When voter choice is compared for the top four parties polling above the representational threshold, the IRI survey confirms the split between the eastern and southern (Odessa) voters and those in the west of the country. Svoboda, by contrast, is down to 1% in the East; 4% in the West.
The IRI says its Ukrainian voter survey was carried out by the Rating Sociological Group of Kiev between May 10 and 21. The questions were designed by the US Government and paid for by USAID in partnership with IRI, which is also financed by the State Department. The nationwide voter sample was 2,400. They were contacted for face-to-face interviews at respondents’ homes. More than a third of those contacted refused to open their door or let the interviewers in. Just 64.2% gave answers. The missing third in the poll is likely to be concealing their support for Svoboda in the west, Sluha Narodu in the east.
Ukrainian polls make the civil war split even clearer. Here, for example, are the party preference results for a Rating group survey which was conducted between May 29 and June 3.
Rating’s next survey, gathered between June 6 and 9 and reported on June 12, showed that the momentum was going Zelensky’s (and Kolomoisky’s) way. Sluha Narodnu had increased its lead to 47.5%; Opposition Platform to 10.4%; Poroshenko’s party to 7.9%; and Holos, a creation of a pop singer, Svyatoslav Vakarchuk, running on an anti-corruption, against-them-all platform, was at 6.5%. Tymoshenko and Taruta were losing national support, just as they had during the presidential campaign.
Rating’s latest survey of voters was taken between June 29 and July 3. It shows Sluha Narodu dropping back to 42.3%, though Zelensky’s party remains well ahead of all of its rivals. Opposition Platform continues to gain at 13.4%, while Poroshenko is stuck at about 8%. Holos is also gaining to 7.2%, though its momentum has slowed. Tymoshenko and Taruta are managing to pull their votes above the election threshold to 7. 2%. Svoboda is down, nationally, to 2.3%. Zelensky and his campaign managers have said publicly they will be able to command a majority of the new parliament, if not outright then in coalition with Opposition Platform and Holos.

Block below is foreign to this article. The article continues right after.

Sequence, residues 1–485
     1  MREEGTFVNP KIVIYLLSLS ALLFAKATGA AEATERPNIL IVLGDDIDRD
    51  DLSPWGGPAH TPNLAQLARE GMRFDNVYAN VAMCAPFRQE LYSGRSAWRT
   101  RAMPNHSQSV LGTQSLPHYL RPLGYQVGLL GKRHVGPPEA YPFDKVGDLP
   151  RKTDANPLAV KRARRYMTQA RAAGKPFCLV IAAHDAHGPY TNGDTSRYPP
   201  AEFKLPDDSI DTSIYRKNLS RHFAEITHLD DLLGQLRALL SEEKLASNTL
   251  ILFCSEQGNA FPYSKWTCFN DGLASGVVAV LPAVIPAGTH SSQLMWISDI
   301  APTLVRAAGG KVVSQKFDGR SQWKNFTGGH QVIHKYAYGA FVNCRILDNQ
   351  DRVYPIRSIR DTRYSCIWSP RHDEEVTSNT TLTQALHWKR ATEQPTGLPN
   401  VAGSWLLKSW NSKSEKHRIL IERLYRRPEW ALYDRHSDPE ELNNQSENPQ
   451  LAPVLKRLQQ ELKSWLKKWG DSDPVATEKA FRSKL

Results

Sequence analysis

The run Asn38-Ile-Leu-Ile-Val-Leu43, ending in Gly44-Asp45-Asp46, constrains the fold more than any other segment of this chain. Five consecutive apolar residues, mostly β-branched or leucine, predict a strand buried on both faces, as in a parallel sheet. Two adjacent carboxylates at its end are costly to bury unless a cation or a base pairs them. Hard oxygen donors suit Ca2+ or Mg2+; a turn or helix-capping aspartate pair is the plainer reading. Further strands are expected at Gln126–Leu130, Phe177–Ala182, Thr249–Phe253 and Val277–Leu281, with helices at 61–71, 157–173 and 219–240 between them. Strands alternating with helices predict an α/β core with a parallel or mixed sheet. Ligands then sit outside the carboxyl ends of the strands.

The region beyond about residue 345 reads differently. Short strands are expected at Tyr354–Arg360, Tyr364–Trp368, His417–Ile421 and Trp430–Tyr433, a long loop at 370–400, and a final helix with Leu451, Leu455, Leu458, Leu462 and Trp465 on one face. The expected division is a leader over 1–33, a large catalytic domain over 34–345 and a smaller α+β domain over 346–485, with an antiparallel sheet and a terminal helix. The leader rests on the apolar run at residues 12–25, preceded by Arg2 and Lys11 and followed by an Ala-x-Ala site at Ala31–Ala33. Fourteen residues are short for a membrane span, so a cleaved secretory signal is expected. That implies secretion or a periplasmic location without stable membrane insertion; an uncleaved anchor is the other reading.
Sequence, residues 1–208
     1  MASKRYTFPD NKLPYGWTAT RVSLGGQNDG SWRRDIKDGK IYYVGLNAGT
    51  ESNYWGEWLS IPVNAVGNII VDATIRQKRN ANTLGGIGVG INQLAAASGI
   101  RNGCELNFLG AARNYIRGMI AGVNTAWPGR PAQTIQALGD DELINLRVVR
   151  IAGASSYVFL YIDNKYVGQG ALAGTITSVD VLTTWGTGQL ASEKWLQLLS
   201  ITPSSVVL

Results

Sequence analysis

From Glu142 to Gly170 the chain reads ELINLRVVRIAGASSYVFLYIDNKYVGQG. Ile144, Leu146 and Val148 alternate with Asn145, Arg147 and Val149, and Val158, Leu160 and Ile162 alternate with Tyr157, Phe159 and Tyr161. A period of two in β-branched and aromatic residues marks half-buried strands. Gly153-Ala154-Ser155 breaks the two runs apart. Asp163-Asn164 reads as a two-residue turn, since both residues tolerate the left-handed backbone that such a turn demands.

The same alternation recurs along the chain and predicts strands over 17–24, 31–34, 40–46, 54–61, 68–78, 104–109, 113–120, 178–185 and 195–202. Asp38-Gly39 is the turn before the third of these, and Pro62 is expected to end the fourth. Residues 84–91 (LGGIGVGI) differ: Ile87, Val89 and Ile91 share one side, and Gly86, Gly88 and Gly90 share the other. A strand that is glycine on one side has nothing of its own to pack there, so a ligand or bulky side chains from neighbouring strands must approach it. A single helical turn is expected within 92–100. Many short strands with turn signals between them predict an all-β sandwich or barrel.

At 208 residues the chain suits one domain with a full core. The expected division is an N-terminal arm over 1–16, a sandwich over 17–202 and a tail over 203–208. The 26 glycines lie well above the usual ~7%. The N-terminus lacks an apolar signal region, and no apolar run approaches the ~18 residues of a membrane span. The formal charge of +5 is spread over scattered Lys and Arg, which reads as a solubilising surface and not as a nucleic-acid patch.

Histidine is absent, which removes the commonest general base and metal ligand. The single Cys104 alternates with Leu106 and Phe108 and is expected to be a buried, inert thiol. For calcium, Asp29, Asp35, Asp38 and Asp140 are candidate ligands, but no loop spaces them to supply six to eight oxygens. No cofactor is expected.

There is a noticeable difference between the US Government polling, which was planned in March and April, and the June-July polling by the Rating group. This is the rise of Holos (“Voice”) led by Vakarchuk. His pitch to young Ukrainian voters is taking a leaf out of the Kolomoisky-Zelensky playbook during the presidential campaign. Vakarchuk is also the favourite of the US media and of the pro-American Ukrainian media.
If Volker and Freeland have been encouraging Vakarchuk to run against Zelensky, their move was a late one, after the IRI poll revealed how strongly Zelensky’s party was polling. IRI did not include Vakarchuk or Holos in its questionnaires. Voter support of individual politicians is also clearly divided between the east and west of the country, with Kolomoisky retaining sizeable voter support himself in the south (Odessa).
It is evident that the split between young and old voters, on which Vakarchuk has been hoping to capitalize, is much less influential than the east-west split.
The IRI poll also made clear what the dominant issue is for voters across the country — more than two-thirds want to end the civil war.
The message from Ukrainian democracy, “alive and kicking” according to Freeland in Toronto, is that ending the civil war is far more important to most Ukrainians right now than ending the oligarchs’ role in Ukrainian politics – on condition the oligarchs also back an end to the war. If the pre-election poll results materialize on July 21, there will be minimal support in the new Verkhovna Rada for the US-Canadian war. That is, unless Freeland and Volker can rig the vote on July 21; intimidate Zelensky; and remove Kolomoisky.